I t was a great trip! I loved every minute I got with our kiddos.  I loved being silly together, playing together, talking about some deep issues, and just being together.

Ernie continued on in GDL and felt what is was like for me all those years of Mission- X trips, where he was gone for 3 weeks, and I stayed home.  He said the time moved slowly.  That said, he was still glad he could bless me with this gift.  Just seeing my face, upon seeing our boys - priceless.

Now we are back in Mexico, together, at the beach.  Friends have a house in Sayulita where we are resting before we jump back into things.  We are both under the weather, Ernie with allergies and me with a cold (shock).  So, 3 short days of R & R at the beach should do the trick.

Life is good.  God is Great! I can not say thank you enough for the blessings he bestows upon me.  Health, strength, family, friends and His faithfulness day after day.  Looking forward to seeing my GDL friends, chatting about my trip, and reconnecting.

Wednesday, 11 January 2017

Your 'ministry' partner...


        My wife Diane turned 51 on Monday. Although this post might seem to have little to do with ministry, it actually is a pretty important part of it. First, let me clarify that Diane is not celebrating 62 yrs of age! Those just happened to be 2 of the candles we had. Not sure why she didn't put '26' instead of '62'; was it compassion for me (I'm 9 yrs her senior), or an attempt to avoid being presumptuous? 
       Anyway, my birthday gift to Diane was a surprise (not to her, but to everyone else) trip home, on the day of her birthday, to celebrate with our kids and parents. 
Diane with Jaycia (daughter-in-law) and Les (brother)
Diane with Mike (son), father and Lisa (sister-in-law) in background
Diane with Chris
Diane, enjoying her first day in the snow!
        Last year, on her 50th, we threw a big party, with guests from the fitness gym, cell groups, and our neighbours. It was a very special day that Diane enjoyed very much!
Diane, in orange, doing Danzika with gym friends

     Now, here's my point. my wife is a HUGE part of our ministry. The way I'm wired it always seems to be ministry first; relaxation and down time, or holidays, are secondary, and preferably worked into ministry some how. When I see how happy Diane has been on her last 2 birthdays, how much she appreciates the importance I've given to it, I realize, to my shame, that I've often failed to celebrate or make it important, the way that she would want. So, if you are like me (somewhat ministry driven), why not make an extra effort to acknowledge and show appreciation for your 'ministry partner' (birthdays are a good start, but don't stop there). Make their day! ...Like giving them a trip to see your kids on their birthday! I'm reminded again of how fleeting life can be, and in the midst of focusing on ministry, and others, don't forget that important 'ministry partner' at your side! Make her feel like she hung the moon and the stars...I think you'll be glad you did!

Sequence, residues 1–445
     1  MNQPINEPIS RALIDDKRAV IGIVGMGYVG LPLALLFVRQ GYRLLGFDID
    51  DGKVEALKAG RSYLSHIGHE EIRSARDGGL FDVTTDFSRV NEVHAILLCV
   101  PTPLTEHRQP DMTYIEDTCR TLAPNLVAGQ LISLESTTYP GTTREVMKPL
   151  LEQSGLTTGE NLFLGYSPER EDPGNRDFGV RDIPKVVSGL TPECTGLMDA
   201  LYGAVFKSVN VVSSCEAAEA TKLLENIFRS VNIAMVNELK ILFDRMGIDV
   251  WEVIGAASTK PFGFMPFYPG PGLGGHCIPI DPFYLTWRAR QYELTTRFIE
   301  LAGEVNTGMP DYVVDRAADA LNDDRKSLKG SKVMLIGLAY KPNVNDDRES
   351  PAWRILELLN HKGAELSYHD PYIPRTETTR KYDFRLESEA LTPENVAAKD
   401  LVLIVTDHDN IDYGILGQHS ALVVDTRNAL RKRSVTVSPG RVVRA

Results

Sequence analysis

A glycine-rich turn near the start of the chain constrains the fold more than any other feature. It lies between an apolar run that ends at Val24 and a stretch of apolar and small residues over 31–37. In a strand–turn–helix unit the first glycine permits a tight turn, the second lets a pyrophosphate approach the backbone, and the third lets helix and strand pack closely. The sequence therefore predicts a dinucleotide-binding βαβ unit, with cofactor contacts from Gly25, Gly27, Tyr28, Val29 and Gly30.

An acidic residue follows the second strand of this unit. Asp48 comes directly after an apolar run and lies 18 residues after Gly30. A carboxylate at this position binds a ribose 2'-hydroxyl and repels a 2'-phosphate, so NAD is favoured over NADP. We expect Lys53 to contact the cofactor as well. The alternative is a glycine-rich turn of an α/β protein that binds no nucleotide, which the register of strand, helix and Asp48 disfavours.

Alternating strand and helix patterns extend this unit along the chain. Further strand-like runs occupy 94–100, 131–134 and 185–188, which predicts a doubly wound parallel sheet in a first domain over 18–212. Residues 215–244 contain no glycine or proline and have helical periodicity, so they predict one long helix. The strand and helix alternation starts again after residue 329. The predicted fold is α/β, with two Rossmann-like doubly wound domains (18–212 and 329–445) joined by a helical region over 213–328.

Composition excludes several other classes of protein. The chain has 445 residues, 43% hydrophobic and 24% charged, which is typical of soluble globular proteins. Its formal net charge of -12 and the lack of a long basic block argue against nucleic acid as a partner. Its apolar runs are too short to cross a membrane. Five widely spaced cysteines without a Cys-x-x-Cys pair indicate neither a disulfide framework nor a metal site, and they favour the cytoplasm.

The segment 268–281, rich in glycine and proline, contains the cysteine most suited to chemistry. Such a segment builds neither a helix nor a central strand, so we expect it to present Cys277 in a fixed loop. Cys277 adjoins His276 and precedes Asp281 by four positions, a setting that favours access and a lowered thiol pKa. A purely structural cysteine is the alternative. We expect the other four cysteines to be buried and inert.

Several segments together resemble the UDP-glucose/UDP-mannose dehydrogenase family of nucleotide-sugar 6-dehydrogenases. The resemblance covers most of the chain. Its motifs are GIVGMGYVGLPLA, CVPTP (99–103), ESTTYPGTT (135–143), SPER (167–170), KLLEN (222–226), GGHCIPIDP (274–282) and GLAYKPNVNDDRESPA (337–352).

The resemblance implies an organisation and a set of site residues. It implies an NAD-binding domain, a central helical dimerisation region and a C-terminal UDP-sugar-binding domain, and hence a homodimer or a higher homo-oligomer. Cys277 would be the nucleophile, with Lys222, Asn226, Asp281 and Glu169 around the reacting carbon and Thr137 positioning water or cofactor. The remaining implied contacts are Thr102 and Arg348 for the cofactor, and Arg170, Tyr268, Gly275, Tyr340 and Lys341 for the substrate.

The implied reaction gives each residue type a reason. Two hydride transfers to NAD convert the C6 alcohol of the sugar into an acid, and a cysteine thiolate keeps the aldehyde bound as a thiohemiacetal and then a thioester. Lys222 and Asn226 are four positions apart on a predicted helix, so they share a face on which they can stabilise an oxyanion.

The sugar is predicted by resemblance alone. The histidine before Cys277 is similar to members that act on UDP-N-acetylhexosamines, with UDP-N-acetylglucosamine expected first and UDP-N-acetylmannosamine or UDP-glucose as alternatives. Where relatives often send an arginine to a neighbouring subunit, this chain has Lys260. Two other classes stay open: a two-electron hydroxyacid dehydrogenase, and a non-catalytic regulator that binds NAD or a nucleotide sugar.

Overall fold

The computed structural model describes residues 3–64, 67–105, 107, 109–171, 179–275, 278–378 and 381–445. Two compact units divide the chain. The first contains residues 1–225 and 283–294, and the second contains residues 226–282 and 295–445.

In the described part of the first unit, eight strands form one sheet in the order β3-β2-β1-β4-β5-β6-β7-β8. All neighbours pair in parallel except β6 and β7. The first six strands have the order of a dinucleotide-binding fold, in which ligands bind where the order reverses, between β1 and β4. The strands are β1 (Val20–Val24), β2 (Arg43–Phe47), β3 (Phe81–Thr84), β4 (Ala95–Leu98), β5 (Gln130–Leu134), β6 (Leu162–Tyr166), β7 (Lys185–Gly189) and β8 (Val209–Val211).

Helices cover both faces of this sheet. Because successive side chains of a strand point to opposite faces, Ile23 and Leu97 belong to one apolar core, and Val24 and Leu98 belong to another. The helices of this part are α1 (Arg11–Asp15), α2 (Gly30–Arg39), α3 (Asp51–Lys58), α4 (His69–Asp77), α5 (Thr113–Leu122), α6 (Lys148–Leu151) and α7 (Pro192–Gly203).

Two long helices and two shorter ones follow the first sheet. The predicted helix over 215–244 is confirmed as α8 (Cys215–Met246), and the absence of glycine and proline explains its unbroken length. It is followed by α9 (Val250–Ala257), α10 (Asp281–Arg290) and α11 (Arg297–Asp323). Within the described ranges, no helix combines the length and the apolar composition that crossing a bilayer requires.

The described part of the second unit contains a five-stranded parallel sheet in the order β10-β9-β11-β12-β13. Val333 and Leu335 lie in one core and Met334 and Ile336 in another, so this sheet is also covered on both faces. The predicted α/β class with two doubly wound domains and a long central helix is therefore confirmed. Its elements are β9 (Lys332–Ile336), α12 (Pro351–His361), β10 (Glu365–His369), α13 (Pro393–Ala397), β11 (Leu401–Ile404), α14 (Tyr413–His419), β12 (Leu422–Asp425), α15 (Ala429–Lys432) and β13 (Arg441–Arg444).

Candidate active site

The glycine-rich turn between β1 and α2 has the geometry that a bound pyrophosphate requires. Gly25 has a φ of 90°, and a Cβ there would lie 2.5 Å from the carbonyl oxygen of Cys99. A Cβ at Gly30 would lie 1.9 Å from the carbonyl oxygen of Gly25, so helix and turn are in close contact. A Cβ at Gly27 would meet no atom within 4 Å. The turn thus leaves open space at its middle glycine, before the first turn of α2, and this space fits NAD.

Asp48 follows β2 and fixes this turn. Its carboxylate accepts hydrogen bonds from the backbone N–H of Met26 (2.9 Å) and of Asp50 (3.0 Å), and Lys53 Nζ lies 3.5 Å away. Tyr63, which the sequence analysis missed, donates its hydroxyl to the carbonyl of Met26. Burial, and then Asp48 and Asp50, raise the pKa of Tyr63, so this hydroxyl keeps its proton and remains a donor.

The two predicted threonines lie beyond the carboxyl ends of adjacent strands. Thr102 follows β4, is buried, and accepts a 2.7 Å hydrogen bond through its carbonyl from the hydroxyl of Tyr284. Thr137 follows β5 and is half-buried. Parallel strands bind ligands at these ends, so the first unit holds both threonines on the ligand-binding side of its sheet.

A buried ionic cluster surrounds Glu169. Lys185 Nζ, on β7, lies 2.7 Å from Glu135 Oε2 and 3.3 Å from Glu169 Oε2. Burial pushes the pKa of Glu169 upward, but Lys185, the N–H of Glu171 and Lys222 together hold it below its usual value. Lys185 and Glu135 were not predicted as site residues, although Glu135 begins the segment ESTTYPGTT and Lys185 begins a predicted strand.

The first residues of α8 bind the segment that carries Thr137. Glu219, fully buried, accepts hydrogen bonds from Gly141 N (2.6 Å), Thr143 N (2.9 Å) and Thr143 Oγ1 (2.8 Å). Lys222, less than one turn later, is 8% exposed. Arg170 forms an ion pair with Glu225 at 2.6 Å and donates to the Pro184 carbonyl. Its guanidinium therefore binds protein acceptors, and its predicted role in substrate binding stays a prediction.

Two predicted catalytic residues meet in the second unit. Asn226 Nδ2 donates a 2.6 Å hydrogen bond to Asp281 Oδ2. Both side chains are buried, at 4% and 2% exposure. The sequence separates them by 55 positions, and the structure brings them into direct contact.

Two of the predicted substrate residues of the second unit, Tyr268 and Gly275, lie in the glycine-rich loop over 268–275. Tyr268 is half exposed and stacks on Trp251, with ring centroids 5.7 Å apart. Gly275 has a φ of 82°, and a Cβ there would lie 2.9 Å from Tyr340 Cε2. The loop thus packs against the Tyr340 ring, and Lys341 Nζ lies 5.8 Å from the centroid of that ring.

A quick side note. Diane used to say to me, as I was buried in work, "don't forget your kids, they're the only thing you can take to heaven with you!" I'm guessing your spouse fits into that same camp.....


Wednesday, 4 January 2017

Tell me the whole story

If you were to hear stories about me in early 90's you would hear stories about Nicaragua.  You would see me as a young women struggling to adapt in a foreign country, and not doing it very well.  You would have a certain impression of me.

However if you were to talk to friends from Chihuahua in the mid 90's, you would hear a completely different story.  You would hear about a young mom who loved Mexico, loved tacos, and was well adapted to life in Mexico.

If you were, however,  to hear stories about me in the 2000's you would see a very different picture...a hockey mom who seemed to live at the arena.  A mom who lived, ate and slept hockey. Who cheered her boys on with much enthusiasm.

If you were to talk to friends in my life right this minute you would hear a completely new story.  Some of the stories from my life are sad, some are crazy, some are filled with joy and bliss.  One story never paints a complete picture.  Not about a person, and most certainly not about a country, a people or a nation.

I recently watched a TedTalk called "The Danger of the Single Story"  (Video).  Watch it if you would like to get a full explanation.

The speaker, a young African lady, states that the way we create a single story about someone is to show them as only one thing, over and over again, and that is what people will become.  Single stories can create a poor worldview.  This is because single stories are often told with a certain power structure.  So, if a power broker wants to have you believe something they can.  This is done by how the story is told, who tells it, when it is told, how many times it is told.

This power "is the ability not just to tell the story of another person, but to make it the definitive story of that person."  Just look at how the media does this...  One does not need to go too far back.  During the elections in the USA how many single stories were told about Mexicans and other nationalities.  Did they ever paint the true story or the complete story? Is every Mexican a murdered? A rapist? Most certainly not.

The problem with the single story is that it creates stereotypes.  Not that those stereotypes are necessarily untrue, but rather that they are not the complete story.  Often times the incomplete story becomes the whole story to us.  It becomes the story we believe to be true.

I am not only one of the above stories, but rather a combination of all of them.  The collage of stories makes me who I am.  I would not want someone to think of me based on a single story, especially one that paints me in a negative light.  I then must be mindful to never do that to another person, nation, country, race, etc.

Right now our world is full of single stories about various races, countries, etc.  These single stories are creating animosity amongst people and nations.  Let us be mindful of the fact that there are two sides to very coin, and many stories to hear.

There are many single stories about Canada that would not paint us in a very good light.  This is true of many countries.  Let us listen to one another, let us tell stories which paint a fuller and more complete picture.